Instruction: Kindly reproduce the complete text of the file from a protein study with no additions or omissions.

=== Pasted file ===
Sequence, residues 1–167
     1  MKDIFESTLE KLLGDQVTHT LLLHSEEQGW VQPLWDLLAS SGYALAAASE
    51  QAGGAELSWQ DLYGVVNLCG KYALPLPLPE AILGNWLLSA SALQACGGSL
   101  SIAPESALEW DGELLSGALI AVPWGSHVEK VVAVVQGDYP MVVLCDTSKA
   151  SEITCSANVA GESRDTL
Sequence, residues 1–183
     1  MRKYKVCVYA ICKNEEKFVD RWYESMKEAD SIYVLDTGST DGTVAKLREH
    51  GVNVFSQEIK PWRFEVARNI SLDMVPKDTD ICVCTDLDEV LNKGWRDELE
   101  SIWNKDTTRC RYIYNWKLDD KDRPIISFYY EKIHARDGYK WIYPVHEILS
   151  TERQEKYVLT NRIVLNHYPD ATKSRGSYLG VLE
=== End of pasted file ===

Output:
Sequence, residues 1–167
     1  MKDIFESTLE KLLGDQVTHT LLLHSEEQGW VQPLWDLLAS SGYALAAASE
    51  QAGGAELSWQ DLYGVVNLCG KYALPLPLPE AILGNWLLSA SALQACGGSL
   101  SIAPESALEW DGELLSGALI AVPWGSHVEK VVAVVQGDYP MVVLCDTSKA
   151  SEITCSANVA GESRDTL
Sequence, residues 1–183
     1  MRKYKVCVYA ICKNEEKFVD RWYESMKEAD SIYVLDTGST DGTVAKLREH
    51  GVNVFSQEIK PWRFEVARNI SLDMVPKDTD ICVCTDLDEV LNKGWRDELE
   101  SIWNKDTTRC RYIYNWKLDD KDRPIISFYY EKIHARDGYK WIYPVHEILS
   151  TERQEKYVLT NRIVLNHYPD ATKSRGSYLG VLE